By Amin Kef Sesay – 13th August 2019
The President of the Sierra Leone Association of Journalists (SLAJ) Ahmed Sahid Nasralla (De Monk) on the 13th August 2019, during the launch of the 4th Generation National Anti-Corruption Strategy held at the Miatta Conference Centre mentioned the important roles the media could play in the fight against corruption.
He first noted that the absence of corruption is fundamental to the promotion of good governance just as the Anti-Corruption Commission is to the fight against corruption in Sierra Leone.
According to him the ACC is just an institution and it cannot do it alone stressing how it needs help underscoring Political Will but said it should not be centered on the head of His Excellency the President alone. He highlighted the Executive will which he pointed out is the goodwill of the President and his/her Cabinet ministers.
Nasrallah also mentioned Parliamentary will which he said is the goodwill of the Honorable Members of Parliament, Judicial will as the goodwill of those who interpret the laws of the land.
He stated that there should be the Police will which is the goodwill of the Sierra Leone Police, who are constitutionally charged with the responsibility of providing security and maintaining law and order in society.
With regards to Civil Society Will, he said, it is the goodwill of you and me, a well-informed citizenry and civil society organizations.
Coming to the Media will the SLAJ President defined it the goodwill of the media.
“Corruption is the hydra monster that has eaten away our past, our present and is fast swallowing our future,” he said adding that in the fight against corruption there should be no sacred cows.
The President said we all know that the media’s role in social change and development cannot be overstated stressing how it is something that we all recognize as important.
“We appreciate the efforts made by the ACC to involve the public in the development of this 4th Generation National Anti-Corruption Strategy 2019-2023. I recall that a session was held with the media at the SLAJ Secretariat at Campbell St., Freetown, where journalists contributed their own perspectives in the fight against corruption, including corruption within the media,” he continued further making it known how it is important to highlight the need for continued public ownership of this strategy and support for the fight against corruption generally.
The SLAJ Prezo said there is a need to re-examine the relationship between the State and civil society. “By civil society I mean all of us that are not official state organs, and this include the media. We can all agree that one of the challenges we face in dealing with the scourge of corruption—which seems to have become a culture—is the lack of trust between the public (ordinary people) and the state. There is this ‘us’ versus ‘them’ way of seeing the relationship between the public and the state. We can trace this to the very many years of distrust and lack of confidence in the State’s ability to address the very basic needs of the ordinary people.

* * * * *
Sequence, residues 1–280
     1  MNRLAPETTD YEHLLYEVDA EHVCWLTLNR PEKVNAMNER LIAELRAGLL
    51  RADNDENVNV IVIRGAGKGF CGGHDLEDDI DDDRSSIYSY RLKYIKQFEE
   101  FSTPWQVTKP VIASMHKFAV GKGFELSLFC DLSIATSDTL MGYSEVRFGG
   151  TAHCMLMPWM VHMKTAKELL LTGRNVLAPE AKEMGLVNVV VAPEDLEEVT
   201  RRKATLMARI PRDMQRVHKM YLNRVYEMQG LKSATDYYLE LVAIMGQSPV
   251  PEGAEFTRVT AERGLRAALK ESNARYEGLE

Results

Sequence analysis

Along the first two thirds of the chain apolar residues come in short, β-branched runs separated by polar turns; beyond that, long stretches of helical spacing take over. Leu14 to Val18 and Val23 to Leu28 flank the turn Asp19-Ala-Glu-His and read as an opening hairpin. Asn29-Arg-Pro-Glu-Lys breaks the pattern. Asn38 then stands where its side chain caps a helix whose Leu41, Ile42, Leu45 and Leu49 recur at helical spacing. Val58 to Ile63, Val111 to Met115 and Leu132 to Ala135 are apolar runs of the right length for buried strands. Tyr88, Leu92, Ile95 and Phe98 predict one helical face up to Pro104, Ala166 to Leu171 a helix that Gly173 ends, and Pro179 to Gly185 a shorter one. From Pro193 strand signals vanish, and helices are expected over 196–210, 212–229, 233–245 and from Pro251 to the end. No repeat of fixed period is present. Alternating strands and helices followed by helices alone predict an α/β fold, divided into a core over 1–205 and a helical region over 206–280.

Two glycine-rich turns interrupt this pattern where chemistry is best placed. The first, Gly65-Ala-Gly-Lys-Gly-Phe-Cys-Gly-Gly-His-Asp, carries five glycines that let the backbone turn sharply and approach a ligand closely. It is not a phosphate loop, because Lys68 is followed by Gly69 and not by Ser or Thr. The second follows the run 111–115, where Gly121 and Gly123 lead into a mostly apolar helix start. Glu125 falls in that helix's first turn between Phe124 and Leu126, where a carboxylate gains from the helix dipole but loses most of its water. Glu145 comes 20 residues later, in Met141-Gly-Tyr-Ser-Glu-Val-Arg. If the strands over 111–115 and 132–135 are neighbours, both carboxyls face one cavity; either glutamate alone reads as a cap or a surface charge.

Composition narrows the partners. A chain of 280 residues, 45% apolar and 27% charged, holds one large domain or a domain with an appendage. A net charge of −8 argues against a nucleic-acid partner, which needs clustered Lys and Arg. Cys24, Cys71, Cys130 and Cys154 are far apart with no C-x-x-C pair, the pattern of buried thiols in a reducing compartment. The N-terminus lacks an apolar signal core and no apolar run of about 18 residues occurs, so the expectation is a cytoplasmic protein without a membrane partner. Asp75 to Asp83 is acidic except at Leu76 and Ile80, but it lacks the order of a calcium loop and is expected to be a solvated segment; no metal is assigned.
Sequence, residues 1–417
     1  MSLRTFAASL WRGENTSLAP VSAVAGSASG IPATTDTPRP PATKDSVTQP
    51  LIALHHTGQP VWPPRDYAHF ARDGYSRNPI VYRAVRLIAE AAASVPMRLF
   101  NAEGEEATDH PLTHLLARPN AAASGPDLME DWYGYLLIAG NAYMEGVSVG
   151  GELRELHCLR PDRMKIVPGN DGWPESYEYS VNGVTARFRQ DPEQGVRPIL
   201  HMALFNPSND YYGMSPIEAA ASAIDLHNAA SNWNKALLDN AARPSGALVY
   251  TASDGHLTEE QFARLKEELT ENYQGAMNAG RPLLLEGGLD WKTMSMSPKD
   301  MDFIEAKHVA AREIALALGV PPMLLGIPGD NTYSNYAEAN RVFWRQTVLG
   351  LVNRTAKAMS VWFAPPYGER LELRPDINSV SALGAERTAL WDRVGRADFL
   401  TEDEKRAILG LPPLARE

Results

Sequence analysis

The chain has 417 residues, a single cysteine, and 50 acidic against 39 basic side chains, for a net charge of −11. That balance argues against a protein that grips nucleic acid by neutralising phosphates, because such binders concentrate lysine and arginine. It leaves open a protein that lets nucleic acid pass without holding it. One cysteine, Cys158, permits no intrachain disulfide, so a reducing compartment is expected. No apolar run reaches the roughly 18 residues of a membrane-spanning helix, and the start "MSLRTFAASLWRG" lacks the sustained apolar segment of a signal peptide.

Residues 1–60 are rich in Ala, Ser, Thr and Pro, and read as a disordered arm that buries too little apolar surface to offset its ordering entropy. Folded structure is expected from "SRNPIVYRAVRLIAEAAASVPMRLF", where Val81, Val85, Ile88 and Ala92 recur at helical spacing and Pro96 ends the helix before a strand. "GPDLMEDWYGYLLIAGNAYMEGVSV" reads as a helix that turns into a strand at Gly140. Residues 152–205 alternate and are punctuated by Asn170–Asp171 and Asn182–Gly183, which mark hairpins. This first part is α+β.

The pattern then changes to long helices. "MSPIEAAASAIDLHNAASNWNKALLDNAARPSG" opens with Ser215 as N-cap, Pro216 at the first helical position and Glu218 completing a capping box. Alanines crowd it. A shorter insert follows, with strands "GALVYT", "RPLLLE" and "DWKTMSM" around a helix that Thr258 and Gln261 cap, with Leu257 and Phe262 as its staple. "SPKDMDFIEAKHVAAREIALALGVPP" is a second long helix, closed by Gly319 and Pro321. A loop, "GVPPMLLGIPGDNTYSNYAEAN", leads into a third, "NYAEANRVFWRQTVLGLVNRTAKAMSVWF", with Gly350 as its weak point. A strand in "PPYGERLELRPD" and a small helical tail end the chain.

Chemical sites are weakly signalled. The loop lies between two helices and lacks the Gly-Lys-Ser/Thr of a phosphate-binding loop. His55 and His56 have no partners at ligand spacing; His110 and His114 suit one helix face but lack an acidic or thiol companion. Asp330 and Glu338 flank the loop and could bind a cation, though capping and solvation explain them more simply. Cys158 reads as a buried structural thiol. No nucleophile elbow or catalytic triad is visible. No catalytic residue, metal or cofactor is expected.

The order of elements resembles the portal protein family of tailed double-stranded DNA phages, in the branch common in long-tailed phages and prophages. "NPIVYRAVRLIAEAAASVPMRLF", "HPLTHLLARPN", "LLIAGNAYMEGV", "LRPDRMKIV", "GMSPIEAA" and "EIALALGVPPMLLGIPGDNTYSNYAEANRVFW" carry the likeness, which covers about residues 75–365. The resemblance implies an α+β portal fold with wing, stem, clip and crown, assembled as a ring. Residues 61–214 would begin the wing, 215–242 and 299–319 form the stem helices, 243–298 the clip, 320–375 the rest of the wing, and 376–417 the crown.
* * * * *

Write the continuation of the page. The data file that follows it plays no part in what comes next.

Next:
The ordinary civil servant or woman in the market (in their misery and suffering) are also witnesses to the sudden social mobility of high-ranking public officials and politicians. People in power or close to power have a good life—with access to good healthcare and private education for their children, while ordinary people struggle to make ends meet. This situation does not support public confidence and trust in the state and a by-product of this is a normalisation of corruption and apathy to the fight against corruption,” he pointed out.
He suggested that we must move on to make people feel that they have a stake and therefore take ownership of the fight against corruption and support the implementation of this strategy.
Highlighting key roles the media could play, he stated: to provide adequate and accurate reporting on anti-corruption efforts by the ACC and its partners as well as to help raise awareness about the new anti-corruption strategy and support efforts that are aimed at nurturing public ownership of the fight against corruption.
He said the Media should be able to help set the agenda and become a serious point of reference for the ACC and other institutions that are involved in the fight against corruption.
“We can only do this by carrying out independent investigative reporting, as well as in-depth analytical reporting on corruption-related issues. We want to continue to hold public institutions and officials accountable and push for better service delivery because inefficient public institutions and lack of basic services is probably one reason the ordinary person doesn’t feel they have a stake in the affairs of the State,” he informed but said as journalists they are constrained with resources and the capacity to take their rightful place in the fight against corruption.
He stated how they are open to working with the ACC, as they have always done stressing the need for renewed partnership between SLAJ and the ACC. The SLAJ President appealed for increased support to the media to enable them report better and do our job.
“As journalists, we are a part of society and we are part of the problem. We do not come from planet Mars. We equally want to be part of the solution and we would not relent in using our profession and the tools at our disposal to move this country forward,” he furthered.